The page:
Friday, 12 May 2017

Movie Review: The Mummy (1932)

Directed by Karl Freund

Pros: interesting story, good effects

Cons: mediocre acting 

In 1922 an archaeological expedition in Egypt dug up the unusual mummy of Imhotep and a strange box containing a scroll. Both disappear. Ten years later, a new expedition discovers the untouched tomb of a priestess of Isis, whose spirit, Imhotep discovers, is possessing a modern young woman.  

My understanding of this film was that it consisted of a mummy in torn and tattered bandages, roaming around killing people. So I found the film quite surprising. The mummy I expected only shows up in the first few minutes of the film, after which Imhotep (well played by Boris Karloff) appears as a wizened man.

Imhotep isn’t awakened via a spoken spell, so he was either alive in some form this whole time, the spell was uttered inaudibly, or writing out a small portion of it is enough to enact it. I actually found the magic spells Imhotep uses later in the film interesting, though not likely authentic (in terms of language or how ancient Egyptians thought of magic). The make-up and costumes were excellent. The film used white actors for the important Egyptians, and black ‘Nubians’ as servants, though Ancient Egyptians would not necessarily look like their modern inhabitants (Egypt was conquered and settled by several nations in ancient and medieval times).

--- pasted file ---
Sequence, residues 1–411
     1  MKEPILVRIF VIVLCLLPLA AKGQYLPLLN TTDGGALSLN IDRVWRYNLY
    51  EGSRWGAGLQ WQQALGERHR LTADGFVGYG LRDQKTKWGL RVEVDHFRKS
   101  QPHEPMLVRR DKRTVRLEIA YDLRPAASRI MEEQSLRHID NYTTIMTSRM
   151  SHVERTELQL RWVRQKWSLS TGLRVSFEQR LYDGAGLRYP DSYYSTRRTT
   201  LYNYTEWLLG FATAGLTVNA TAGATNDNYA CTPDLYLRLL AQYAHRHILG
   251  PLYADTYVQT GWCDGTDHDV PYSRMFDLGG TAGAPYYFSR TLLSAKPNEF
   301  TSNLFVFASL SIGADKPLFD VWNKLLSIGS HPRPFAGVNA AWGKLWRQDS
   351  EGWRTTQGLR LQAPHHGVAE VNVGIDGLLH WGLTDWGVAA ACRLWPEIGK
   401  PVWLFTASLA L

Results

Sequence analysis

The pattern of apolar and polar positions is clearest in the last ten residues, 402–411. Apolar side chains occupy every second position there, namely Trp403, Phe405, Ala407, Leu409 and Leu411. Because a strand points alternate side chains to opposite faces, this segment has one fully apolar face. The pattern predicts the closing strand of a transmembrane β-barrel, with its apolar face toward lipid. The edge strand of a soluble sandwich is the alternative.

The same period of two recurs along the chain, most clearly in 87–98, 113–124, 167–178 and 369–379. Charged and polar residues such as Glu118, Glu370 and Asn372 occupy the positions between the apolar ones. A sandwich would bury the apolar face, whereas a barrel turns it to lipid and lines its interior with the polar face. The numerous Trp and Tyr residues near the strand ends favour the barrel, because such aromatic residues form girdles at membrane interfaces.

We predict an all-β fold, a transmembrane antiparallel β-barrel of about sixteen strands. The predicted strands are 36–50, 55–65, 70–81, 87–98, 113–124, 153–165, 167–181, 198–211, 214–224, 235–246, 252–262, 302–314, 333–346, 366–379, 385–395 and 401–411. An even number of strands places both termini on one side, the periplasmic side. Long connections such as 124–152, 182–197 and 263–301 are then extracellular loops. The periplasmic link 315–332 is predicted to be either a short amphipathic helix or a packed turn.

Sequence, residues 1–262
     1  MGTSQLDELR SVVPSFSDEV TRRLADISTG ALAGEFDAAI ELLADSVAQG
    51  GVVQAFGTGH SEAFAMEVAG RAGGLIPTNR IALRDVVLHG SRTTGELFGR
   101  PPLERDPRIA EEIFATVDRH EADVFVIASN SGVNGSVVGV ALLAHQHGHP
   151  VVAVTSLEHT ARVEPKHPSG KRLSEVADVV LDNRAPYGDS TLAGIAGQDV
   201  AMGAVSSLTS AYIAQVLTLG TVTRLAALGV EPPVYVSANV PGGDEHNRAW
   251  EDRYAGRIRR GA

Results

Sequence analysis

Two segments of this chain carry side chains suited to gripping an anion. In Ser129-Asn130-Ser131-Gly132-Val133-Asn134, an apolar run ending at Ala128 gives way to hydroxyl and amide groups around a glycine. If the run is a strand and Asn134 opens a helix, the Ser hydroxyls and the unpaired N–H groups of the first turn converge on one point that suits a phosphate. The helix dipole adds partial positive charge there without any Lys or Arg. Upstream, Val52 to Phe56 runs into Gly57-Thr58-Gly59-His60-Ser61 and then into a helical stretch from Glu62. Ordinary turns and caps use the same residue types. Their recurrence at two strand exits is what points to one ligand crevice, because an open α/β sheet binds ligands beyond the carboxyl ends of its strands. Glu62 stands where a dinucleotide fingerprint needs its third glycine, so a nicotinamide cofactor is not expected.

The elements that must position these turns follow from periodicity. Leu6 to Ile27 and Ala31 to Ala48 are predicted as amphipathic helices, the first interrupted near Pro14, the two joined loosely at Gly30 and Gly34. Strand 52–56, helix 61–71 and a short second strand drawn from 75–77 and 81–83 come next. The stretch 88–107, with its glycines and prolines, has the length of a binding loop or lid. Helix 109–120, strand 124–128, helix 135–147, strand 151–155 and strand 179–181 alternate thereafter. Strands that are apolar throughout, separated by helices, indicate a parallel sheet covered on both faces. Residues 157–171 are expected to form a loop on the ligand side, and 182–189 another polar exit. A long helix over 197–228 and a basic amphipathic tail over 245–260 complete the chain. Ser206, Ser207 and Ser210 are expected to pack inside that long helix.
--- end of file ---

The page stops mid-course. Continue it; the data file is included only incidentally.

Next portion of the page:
Helen’s ‘illness’ reminded me of Lucy (and later Mina) from Dracula, something that was supernaturally called by the antagonist that saw her wasting away due to her attempts to avoid the summons. 

There’s a rather sudden romance, which felt kind of out of place given what’s going on and how little the characters know of each other. The fact that Helen (Zita Johann) even points this out, just made it worse as Frank ignores her concerns.  David Manners as Frank Whemple didn’t impress me much as the love interest (there was no chemistry between the couple and no time to develop any relationship), nor did the wise doctor Muller, played by Edward Van Sloan. Both were fairly wooden, and the doctor’s constant expositionary leaps of logic as to what’s going on were kind of annoying.

It’s an interesting film, more for its place in history and how inaccurately it’s remembered than because it’s great cinema.

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